Shiffrin Looks Ahead to 2021-22
Following what was possibly the most memorable and grit-filled season of her career, two-time Olympic champion and six-time world champion Mikaela Shiffrin stayed in Europe to test equipment in Austria with Atomic immediately following World Cup Finals—a vital opportunity she missed out on after the 2020 season ended abruptly. It was time to get back to work, and Shiffrin is more motivated than ever before.
Of course, this is something her competitors should be a bit concerned about because despite the tragic year she endured compounded with COVID setbacks, and only one-third of her normal preparation heading into the season, Shiffrin still walked away with 10 podiums in 16 FIS Ski World Cup starts, including three victories, four World Championship medals and records to boot. And yet, fans and the media speculated that the Shiffrin of the past was no longer.
Mikaela Shiffrin 2020-21 Stats:
- 10 podiums in 16 FIS Ski World Cup starts, including three victories (worst finish sixth)
- Surpassed legend Marcel Hirscher's 67 career victories and ending the season with 69 World Cup victories—third on the all-time World Cup win list behind former teammate Lindsey Vonn (82), and Swede Ingemar Stenmark (86)
- Second in the world in the giant slalom and slalom standings, and fourth in the overall standings
- Leader on the World Cup circuit for average World Cup points per race (67.2 points over Swiss Lara Gut's 57.1 points in second)
- Snagged her 44th career World Cup slalom victory, breaking the women's record for most wins in a single discipline (Stenmark holds the record with 46 in giant slalom)
- Four world championships medals at Cortina 2021 (career-best world champs)
- First skier—male or female—to win four medals at the world championships in 14 years
- Tied with Sweden's Anja Paerson for the most World Championships medals by a woman in the modern era (11)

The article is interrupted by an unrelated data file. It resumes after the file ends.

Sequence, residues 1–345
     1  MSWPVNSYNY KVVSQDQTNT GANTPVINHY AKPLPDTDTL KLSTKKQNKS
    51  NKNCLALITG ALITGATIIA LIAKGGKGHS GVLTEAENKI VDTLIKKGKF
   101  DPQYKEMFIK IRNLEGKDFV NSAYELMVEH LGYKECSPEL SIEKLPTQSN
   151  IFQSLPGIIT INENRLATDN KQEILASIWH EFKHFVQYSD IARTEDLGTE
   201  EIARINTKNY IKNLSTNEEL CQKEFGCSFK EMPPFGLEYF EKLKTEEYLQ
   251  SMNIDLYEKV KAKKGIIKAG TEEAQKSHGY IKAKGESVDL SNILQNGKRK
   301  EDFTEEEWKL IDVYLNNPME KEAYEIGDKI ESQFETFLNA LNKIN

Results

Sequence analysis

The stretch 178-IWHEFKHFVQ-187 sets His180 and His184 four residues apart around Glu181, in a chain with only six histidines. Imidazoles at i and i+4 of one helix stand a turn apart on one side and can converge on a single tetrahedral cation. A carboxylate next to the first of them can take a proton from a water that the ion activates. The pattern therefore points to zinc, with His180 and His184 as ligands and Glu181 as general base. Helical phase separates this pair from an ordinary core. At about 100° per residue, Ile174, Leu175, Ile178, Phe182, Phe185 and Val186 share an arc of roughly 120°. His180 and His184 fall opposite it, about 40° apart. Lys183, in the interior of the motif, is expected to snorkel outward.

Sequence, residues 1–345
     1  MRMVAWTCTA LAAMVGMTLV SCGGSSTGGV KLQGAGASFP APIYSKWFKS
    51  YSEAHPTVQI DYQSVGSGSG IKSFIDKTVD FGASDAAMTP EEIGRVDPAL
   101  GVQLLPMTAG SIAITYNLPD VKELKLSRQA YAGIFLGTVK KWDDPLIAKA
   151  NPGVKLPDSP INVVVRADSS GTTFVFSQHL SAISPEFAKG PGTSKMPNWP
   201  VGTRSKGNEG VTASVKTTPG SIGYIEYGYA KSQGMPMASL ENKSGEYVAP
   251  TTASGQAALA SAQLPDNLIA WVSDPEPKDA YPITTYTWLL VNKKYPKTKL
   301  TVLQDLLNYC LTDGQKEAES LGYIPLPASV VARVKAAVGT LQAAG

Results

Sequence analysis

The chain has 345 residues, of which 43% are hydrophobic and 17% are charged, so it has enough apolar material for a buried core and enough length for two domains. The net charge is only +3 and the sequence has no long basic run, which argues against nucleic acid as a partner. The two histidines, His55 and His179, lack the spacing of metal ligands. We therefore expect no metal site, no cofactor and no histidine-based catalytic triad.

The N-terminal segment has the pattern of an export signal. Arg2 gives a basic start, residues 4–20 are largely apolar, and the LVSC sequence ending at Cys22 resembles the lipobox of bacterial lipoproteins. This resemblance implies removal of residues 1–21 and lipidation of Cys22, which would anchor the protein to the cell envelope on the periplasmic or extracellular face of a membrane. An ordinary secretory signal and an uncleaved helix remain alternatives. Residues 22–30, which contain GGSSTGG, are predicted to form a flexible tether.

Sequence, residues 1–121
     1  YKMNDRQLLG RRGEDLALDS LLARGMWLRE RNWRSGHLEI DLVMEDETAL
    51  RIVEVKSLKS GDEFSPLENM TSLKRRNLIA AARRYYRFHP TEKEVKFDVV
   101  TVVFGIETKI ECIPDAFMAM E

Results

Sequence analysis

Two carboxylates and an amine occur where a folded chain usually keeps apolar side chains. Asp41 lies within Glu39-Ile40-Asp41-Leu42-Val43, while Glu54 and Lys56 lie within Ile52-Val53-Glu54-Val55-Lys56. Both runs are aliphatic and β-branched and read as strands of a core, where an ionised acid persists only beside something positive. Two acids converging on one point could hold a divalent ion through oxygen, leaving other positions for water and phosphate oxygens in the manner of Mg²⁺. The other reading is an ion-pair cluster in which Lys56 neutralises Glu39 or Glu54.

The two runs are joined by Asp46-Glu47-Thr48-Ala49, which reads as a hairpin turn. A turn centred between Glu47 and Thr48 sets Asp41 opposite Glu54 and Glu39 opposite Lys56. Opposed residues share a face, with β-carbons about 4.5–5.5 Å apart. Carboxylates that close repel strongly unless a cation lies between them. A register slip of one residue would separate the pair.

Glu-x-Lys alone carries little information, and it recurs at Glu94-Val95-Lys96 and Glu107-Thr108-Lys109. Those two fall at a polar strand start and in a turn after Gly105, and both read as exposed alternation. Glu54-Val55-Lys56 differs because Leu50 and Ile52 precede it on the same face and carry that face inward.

- Most decorated American alpine skier in World Championships history (11 medals)
- Most World Championship gold medals for American alpine skier (6 gold)
- First American winner of the women’s combined since Tamara McKinney won it in 1989 at the worlds in Vail
- Lara Gut-Behrami beat Mikaela Shiffrin in giant slalom by 0.02 sec, the smallest margin of victory in a giant slalom in world championship history
For anyone else, these numbers would have been an absolute dream, but Shiffrin has shown the world what it's like to be on top so consistently that her 2020-21 results were met with criticism. For Shiffrin, though, not returning to the sport she loved so much after all that occurred in the last 14 months was a very real consideration. Taking that into account, her results deserve to be applauded over and over, and over again. Shiffrin caught up with The New York Time's Bill Pennington after the season to talk shop and make sure people know that she's still very much here, and she's still doing it.
The article reads,
“It’s true it wasn’t as good a year as I’ve had in the past,” she said, adding that many people around the world, not just ski racers, could say the same thing about the previous 12 months. “But when I look back at this season I’ll be proud. I didn’t even know if there was going to be a World Cup or if I was emotionally ready for it. Then I was injured as the racing was starting, and in bed and not training. I felt like I was playing catch-up.”
Ultimately, her 300-day layoff and atypical results have provided Shiffrin with something significant as the 2022 Beijing Olympics approach: new incentive.
“I’m motivated from what was lacking this year,” Shiffrin, 26, said. “There’s some missing pieces. That’s one of my biggest goals — to get those back.”
So, spending extra time in Europe to equipment test was a no-brainer for the more-motivated-than-ever Shiffrin, who tested both boots and dozens of pairs of skis with Atomic in Kühtai, Austria. What is perhaps most motivating for Shiffrin is the level of depth and consistency across the Land Rover U.S. Alpine Ski Team. She noted that the energy throughout the Team has been better than she's ever experienced in her career.
Shiffrin is encouraged that the focus on American Olympic ski racing prospects will be more diffuse than it was in 2018, when attention was reserved almost exclusively for her and the now-retired Vonn. Several of Shiffrin’s American teammates had breakout performances this winter, including Paula Moltzan, 26, who placed in the top 10 of the last three World Cup slalom races of the season. Moltzan’s teammate, Nina O’Brien, 23, finished 17th in the season-long giant slalom standings.
In December, Ryan Cochran-Siegle, the son of the 1972 Olympic Alpine gold medalist Barbara Cochran, became the first American man to win a World Cup super-G in 15 years.
“The team has shown a level of depth and consistency,” Shiffrin said, “that I haven’t experienced in my career.”
The 2021-22 season will undoubtedly give fans a lot to get excited about, as the Team had the strongest collective result in years heading into the Olympic season.